WSCADV partnered with the Bill & Melinda Gates Foundation on Domestic Violence Housing First (DVHF), a pilot program in Washington that helped 681 domestic violence victims and their children over the last three years—including Moses—find permanent, safe housing to rebuild their lives so that they would never have to live with their abusers again out of desperation.
Three tribes were chosen for the pilot project: the Lummi Nation, the Spokane Tribe of Indians and the Kalispel Tribe of Indians. “We have a great number of tribes in the state and are very aware of domestic violence on reservations,” said Chen, stating that 35 percent of the program participants were Native women. “Finding solutions that are rooted in Native communities is very important to us.”
Chen said the DVHF program was based on a tried-and-true model that has already worked successfully in the low-income housing and homeless field. “The philosophy is that housing is a human right and the problems in people’s lives that may have led to homelessness, such as losing a job or medical issues, are best dealt with when somebody is housed and they don’t have to worry day to day about where they are going to live.”
The four pillars of the program include:
—Temporary financial help with expenses such as rent, rental deposits, utilities and child care;
—locating housing for survivors and advocating for them with landlords;
—survivor-driven solutions to give victims voice and choice on where they want to live;
—establishing partnerships between advocates and community organizations, such as community colleges and car repair shops, to help get victims back on their feet.
WSCADV recently released its findings of a three-year study on the effectiveness of the DVHF project. According to Chen, the program was a huge success and made a big difference in many peoples’ lives.
“After 18 months, 96 percent of survivors were still in their own housing—even those with very low incomes,” said Chen. The study also reports that 84 percent of participants felt safer after participating in the DVHF program. “Some women said, ‘My kids don’t look out the window in fear anymore. Now they just look out the window to be looking.’”
Bear Hughes, a Spokane tribal council member, said that with the $250,000 his tribe received from the program, they were able to help 35 women (mostly Spokane enrolled Natives) get settled into permanent, safe housing over a period of three years. He said the biggest challenge was trying to find housing on the reservation, as many women felt safer surrounded by their families and a familiar Native community.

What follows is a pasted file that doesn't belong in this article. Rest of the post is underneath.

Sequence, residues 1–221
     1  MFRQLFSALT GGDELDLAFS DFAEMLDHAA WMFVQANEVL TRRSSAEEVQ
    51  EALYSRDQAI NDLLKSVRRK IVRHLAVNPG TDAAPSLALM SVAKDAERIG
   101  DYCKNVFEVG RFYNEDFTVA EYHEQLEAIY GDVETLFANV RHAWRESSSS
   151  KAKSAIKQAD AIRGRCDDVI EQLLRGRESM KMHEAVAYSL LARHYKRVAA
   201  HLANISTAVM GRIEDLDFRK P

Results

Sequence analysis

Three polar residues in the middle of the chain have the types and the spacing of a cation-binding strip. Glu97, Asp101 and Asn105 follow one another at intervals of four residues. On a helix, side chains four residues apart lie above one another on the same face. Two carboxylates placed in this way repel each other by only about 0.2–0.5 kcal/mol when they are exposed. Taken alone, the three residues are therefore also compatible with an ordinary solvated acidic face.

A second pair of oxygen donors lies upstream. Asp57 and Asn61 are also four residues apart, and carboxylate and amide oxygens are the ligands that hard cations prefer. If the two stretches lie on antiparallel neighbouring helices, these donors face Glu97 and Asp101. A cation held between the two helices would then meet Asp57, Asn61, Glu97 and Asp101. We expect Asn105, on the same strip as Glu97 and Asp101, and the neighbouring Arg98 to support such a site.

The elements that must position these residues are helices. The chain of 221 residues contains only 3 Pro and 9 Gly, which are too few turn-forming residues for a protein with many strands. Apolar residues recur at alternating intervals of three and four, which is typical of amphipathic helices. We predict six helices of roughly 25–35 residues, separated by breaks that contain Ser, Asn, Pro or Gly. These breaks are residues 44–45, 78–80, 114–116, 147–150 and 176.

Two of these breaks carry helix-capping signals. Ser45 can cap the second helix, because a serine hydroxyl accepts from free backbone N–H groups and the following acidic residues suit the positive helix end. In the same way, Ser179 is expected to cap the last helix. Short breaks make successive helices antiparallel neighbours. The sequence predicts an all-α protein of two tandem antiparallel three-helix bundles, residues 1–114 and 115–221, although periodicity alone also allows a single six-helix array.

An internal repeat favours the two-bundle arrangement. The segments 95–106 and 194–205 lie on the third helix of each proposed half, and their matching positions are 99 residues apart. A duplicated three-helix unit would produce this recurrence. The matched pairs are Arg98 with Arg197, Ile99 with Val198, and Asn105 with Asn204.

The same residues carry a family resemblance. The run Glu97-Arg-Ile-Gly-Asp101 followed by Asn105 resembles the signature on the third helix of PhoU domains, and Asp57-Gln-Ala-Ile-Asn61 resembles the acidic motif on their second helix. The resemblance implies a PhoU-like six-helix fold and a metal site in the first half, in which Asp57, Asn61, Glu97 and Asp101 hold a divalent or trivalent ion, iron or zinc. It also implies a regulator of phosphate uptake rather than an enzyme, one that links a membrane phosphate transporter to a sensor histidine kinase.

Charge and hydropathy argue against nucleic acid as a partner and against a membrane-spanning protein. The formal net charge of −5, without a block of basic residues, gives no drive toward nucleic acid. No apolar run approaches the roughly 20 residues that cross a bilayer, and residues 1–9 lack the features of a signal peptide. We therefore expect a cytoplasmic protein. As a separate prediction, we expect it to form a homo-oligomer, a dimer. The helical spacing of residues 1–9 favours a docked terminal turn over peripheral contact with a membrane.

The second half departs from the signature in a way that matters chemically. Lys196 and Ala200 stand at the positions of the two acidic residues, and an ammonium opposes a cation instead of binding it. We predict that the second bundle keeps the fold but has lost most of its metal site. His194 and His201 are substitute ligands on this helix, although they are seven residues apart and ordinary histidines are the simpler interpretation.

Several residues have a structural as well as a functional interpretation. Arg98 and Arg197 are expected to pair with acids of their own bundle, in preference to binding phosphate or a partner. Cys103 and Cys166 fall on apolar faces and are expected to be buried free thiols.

“We lack housing on the rez for victims. It’s something we are working on as a government. Maybe in about six more months to a year, we will have a domestic violence shelter here,” Hughes said hopefully.
Lummi Victims of Crime (LVOC), the first Native American domestic violence shelter in Washington, also received a generous $250,000 grant from the DVHF program. “Over the past three years, we were able to help 134 women move out of our shelter and transitional housing and into their own homes. Of those, only five have lost their homes. The rest still have them,” said Nikki Finkbonner, an LVOC coordinator. “I wish it was still going on, as there are so many other people we could have helped.”
Returning to Moses … she is one of the LVOC success stories. Now at 32, this woman who was abused for so much of her childhood is a happily married mother of six (two are step-children). She is safe in her own four-bedroom home in Bellingham, Washington, free from the fear of homelessness that had trapped her in an abusive relationship with a man who she now realizes was a sexual predator all along.
“I was turned down many times for housing because landlords thought I was a high risk. But I never lost hope in providing for my children,” said the very resilient Lummi Native. “Through the program, I also got me GED, took parenting classes, my kids went to school every day and I’m working on my degree in marine biology. I couldn’t have done any of this without DVHF.”
Contributing writer Lynn Armitage is an enrolled member of the Oneida Tribes of Indians of Wisconsin.
A collection of old bedroom doors began to pile up beside our house. To the neighbors and anyone who walked by, it probably looked like a major home renovation was under way inside. In fact, that’s exactly what I told them.